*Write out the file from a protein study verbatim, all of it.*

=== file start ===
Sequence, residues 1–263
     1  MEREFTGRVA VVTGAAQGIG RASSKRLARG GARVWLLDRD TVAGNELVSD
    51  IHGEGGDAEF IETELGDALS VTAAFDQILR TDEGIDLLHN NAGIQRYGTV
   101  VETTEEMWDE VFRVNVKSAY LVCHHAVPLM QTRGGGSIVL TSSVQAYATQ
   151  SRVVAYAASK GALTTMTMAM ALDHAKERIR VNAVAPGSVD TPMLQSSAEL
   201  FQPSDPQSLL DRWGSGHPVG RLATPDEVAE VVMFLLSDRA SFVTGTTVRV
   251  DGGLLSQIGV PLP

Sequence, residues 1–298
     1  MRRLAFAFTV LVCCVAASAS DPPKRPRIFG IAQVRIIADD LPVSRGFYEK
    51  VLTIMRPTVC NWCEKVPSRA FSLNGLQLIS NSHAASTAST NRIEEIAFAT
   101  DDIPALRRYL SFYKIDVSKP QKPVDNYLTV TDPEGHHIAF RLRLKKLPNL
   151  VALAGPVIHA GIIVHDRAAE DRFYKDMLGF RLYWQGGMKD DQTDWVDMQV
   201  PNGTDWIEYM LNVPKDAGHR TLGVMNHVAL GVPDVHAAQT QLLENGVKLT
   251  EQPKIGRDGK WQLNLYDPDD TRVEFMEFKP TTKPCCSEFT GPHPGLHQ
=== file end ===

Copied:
Sequence, residues 1–263
     1  MEREFTGRVA VVTGAAQGIG RASSKRLARG GARVWLLDRD TVAGNELVSD
    51  IHGEGGDAEF IETELGDALS VTAAFDQILR TDEGIDLLHN NAGIQRYGTV
   101  VETTEEMWDE VFRVNVKSAY LVCHHAVPLM QTRGGGSIVL TSSVQAYATQ
   151  SRVVAYAASK GALTTMTMAM ALDHAKERIR VNAVAPGSVD TPMLQSSAEL
   201  FQPSDPQSLL DRWGSGHPVG RLATPDEVAE VVMFLLSDRA SFVTGTTVRV
   251  DGGLLSQIGV PLP

Sequence, residues 1–298
     1  MRRLAFAFTV LVCCVAASAS DPPKRPRIFG IAQVRIIADD LPVSRGFYEK
    51  VLTIMRPTVC NWCEKVPSRA FSLNGLQLIS NSHAASTAST NRIEEIAFAT
   101  DDIPALRRYL SFYKIDVSKP QKPVDNYLTV TDPEGHHIAF RLRLKKLPNL
   151  VALAGPVIHA GIIVHDRAAE DRFYKDMLGF RLYWQGGMKD DQTDWVDMQV
   201  PNGTDWIEYM LNVPKDAGHR TLGVMNHVAL GVPDVHAAQT QLLENGVKLT
   251  EQPKIGRDGK WQLNLYDPDD TRVEFMEFKP TTKPCCSEFT GPHPGLHQ